Biddu to produce a commercial Hindi feature titled Star

first_imgShabana, Naseeruddin and Shekhar: Doing everything togetherOver four weeks of shooting in New Delhi didn’t seem to tire leading members of the dramatis personae. While stars Shabana Azmi and Naseeruddin Shah happily opted to open the Priya Health Club at the new ITC Hotel Siddharth, Azmi’s former flame Shekhar Kapoor,,Shabana, Naseeruddin and Shekhar: Doing everything togetherOver four weeks of shooting in New Delhi didn’t seem to tire leading members of the dramatis personae. While stars Shabana Azmi and Naseeruddin Shah happily opted to open the Priya Health Club at the new ITC Hotel Siddharth, Azmi’s former flame Shekhar Kapoor, model, actor and trained chartered accountant, was keeping his attention fixed on his new girl and new movie. Slated to marry a local ingenue called Medha Gujral soon, Kapoor is working at breakneck pace to finish his first directorial venture Masoom at the same time. Naturally, it stars Azmi and Shah, playing a happily married couple with children who suddenly discover that the husband has been left with a child before getting married. Abetted by Saeed Jaffrey and Tanuja, there were no romantic tensions evident on the sets as everyone settled to play the domestic melodrama. Azmi was offering full “moral support” to her director-friend and Kapoor seemed thrilled with his latest chance to succeed on the screen – from another angle. Biddu: Triumphant returnComing full circle from his earlier bohemian days when he bartered his songs for meals at Bombay’s hotels, the long haired super songster-turned-composer, Biddu Appaiah is returning to the glamour-struck city next month, with plans to produce his first film, a commercial Hindi feature titled Star. Close on the heels of the Nazia Hasan superhit records which he produced, Biddu’s newest venture is already attracting distributors and financiers like flies. Hasan’s Aap Jaisa Koi was the biggest musical hit last year, and more recently her album Disco Deewane, again produced by Biddu, has blown a number of myths about the unsaleability of non-filmi music. Predictably, Biddu is writing and producing all the music for Star. Kumar Gaurav (of Love Story fame) and Rati Agnihotri (of Ek Duuje Ke Liye fame) will be playing the lead roles with lesser-known actor Raj Kiran in the supporting role. Taking no chances with his first venture, Biddu has signed up Mike Collins, who directed stunts and effects for the film Superman, to handle Star’s special effects.advertisementMuktananda: Om sweet omAfter spending the last three years enlightening audiences in the US, Swami Muktananda has returned to his homeland. The diminutive guru – readily recognised by the rakish ochre cap he normally sports – had gone abroad to popularise the Siddha meditation technique. The swami presides over a far-flung multinational organisation, the Siddha Yoga Dham Foundation, comprising 26 ashrams and 350 meditation centres in 52 countries. Now anticipating a larger following in this country, the swami has enlarged the meditation hall of his Gurudev Siddhapeeth at Ganeshpuri, so his devotees will have a place to call om.last_img read more

Former Canadian Prime Minister Mulroney to receive Baker Prize April 17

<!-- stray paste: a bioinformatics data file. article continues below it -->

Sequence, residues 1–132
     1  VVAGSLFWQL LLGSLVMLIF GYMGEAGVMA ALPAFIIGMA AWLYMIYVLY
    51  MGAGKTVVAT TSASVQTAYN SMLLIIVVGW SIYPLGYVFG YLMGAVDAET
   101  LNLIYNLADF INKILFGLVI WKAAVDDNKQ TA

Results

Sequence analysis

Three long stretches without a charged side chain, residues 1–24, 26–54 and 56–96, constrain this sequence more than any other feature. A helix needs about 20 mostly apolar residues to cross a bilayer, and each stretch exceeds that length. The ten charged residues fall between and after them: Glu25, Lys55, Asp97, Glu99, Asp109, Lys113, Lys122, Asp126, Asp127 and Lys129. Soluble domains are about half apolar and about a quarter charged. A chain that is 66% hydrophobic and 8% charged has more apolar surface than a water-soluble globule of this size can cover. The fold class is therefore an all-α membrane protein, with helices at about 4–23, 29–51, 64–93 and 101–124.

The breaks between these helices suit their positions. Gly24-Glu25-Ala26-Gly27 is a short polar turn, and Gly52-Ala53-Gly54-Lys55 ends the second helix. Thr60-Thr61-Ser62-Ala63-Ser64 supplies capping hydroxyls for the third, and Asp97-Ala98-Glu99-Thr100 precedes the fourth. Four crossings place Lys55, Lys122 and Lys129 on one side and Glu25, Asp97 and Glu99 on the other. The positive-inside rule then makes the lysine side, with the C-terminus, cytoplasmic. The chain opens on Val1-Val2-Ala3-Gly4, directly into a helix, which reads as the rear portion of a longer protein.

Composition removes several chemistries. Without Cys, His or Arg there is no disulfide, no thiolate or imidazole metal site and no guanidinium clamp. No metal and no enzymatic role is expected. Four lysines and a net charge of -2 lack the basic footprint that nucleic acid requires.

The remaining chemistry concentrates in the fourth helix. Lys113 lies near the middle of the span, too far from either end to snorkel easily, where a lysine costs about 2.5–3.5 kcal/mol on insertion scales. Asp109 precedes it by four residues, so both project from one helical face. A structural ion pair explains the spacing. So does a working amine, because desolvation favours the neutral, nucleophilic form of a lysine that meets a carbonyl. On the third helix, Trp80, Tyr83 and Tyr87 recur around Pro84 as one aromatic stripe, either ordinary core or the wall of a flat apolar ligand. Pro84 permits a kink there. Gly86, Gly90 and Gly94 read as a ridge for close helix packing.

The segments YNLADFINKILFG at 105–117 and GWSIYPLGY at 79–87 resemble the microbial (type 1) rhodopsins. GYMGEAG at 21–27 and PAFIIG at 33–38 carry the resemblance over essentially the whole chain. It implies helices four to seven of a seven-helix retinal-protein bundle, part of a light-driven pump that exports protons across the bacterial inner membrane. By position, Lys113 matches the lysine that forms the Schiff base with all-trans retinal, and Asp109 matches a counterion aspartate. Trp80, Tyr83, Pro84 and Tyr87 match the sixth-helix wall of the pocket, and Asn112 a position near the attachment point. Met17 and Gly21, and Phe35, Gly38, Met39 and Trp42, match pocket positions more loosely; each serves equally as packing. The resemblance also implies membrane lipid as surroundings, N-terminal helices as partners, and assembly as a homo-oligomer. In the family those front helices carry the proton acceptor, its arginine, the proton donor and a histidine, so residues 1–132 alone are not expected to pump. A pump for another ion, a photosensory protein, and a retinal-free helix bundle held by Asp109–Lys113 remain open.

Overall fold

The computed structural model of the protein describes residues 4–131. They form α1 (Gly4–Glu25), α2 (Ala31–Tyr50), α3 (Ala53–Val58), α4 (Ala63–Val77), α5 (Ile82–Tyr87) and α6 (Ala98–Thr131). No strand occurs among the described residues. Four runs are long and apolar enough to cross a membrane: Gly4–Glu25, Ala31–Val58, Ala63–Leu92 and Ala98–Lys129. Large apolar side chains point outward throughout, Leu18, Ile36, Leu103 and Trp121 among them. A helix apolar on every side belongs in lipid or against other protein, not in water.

first_imgShareMEDIA ADVISORYJeff Falkjfalk@rice.edu713-348-6775Former Canadian Prime Minister Mulroney to receive Baker Prize April 17HOUSTON – (April 10, 2019) – Statesman Brian Mulroney, the former Canadian prime minister, will be awarded the James A. Baker III Prize for Excellence in Leadership April 17 to honor his decadeslong career as a global leader and visionary. The event marks just the seventh time the award has been conferred in the 25-year history of Rice University’s Baker Institute for Public Policy.Mulroney’s distinguished career in public service created a legacy of achievements that will shape Canada’s future for generations, according to the Baker Institute. During his tenure as the country’s 18th prime minister from 1984 to 1993, Mulroney’s government advanced policies that continue to foster economic growth and environmental sustainability, and pursued bold new initiatives such as the North American Free Trade Agreement and the Canada-U.S. Air Quality Agreement.Mulroney has also been lauded for his commitment to social justice and equality, receiving high honors from multiple governments for his efforts to combat apartheid in South Africa and to promote rights for Canadians with disabilities.The cost of attendance is $15 for the public. Registration is at www.bakerinstitute.org/events/2000.Who: Former Canadian Prime Minister Brian Mulroney and former U.S. Secretary of State James A. Baker III, the honorary chair of the Baker Institute.What: Presentation of the James A. Baker III Prize for Excellence in Leadership.When: Wednesday, April 17, 6:30-8 p.m. A reception will be held at 6.Where: Rice University, James A. Baker III Hall, Doré Commons, 6100 Main St.A live webcast will be available at the event page, www.bakerinstitute.org/events/2000.The James A. Baker III Prize for Excellence in Leadership recognizes nationally and internationally renowned individuals for outstanding achievements in government, business, science, education or philanthropy. It is awarded to those who exemplify the vision of building “a bridge between the world of ideas and the world of action,” conceived by Baker when he established the Baker Institute. Recipients embody the institute’s mission to nurture the ties between academia, government and the private sector.Past recipients include Marguerite Barankitse (2017), L.E. and Virginia Simmons (2015), Hushang Ansary (2013), Robert McNair (2009), retired Gen. Colin Powell (2007) and Charles Duncan (2006).Members of the news media who want to attend should RSVP to Jeff Falk, associate director of national media relations at Rice, at jfalk@rice.edu or 713-348-6775.For a map of Rice University’s campus with parking information, go to www.rice.edu/maps. Media should park in the Central Campus Garage (underground).-30-Follow the Baker Institute via Twitter @BakerInstitute.Follow Rice News and Media Relations via Twitter @RiceUNews.Founded in 1993, Rice University’s Baker Institute ranks among the top three university-affiliated think tanks in the world. As a premier nonpartisan think tank, the institute conducts research on domestic and foreign policy issues with the goal of bridging the gap between the theory and practice of public policy. The institute’s strong track record of achievement reflects the work of its endowed fellows, Rice University faculty scholars and staff, coupled with its outreach to the Rice student body through fellow-taught classes — including a public policy course — and student leadership and internship programs. Learn more about the institute at www.bakerinstitute.org or on the institute’s blog, http://blogs.chron.com/bakerblog. FacebookTwitterPrintEmailAddThislast_img read more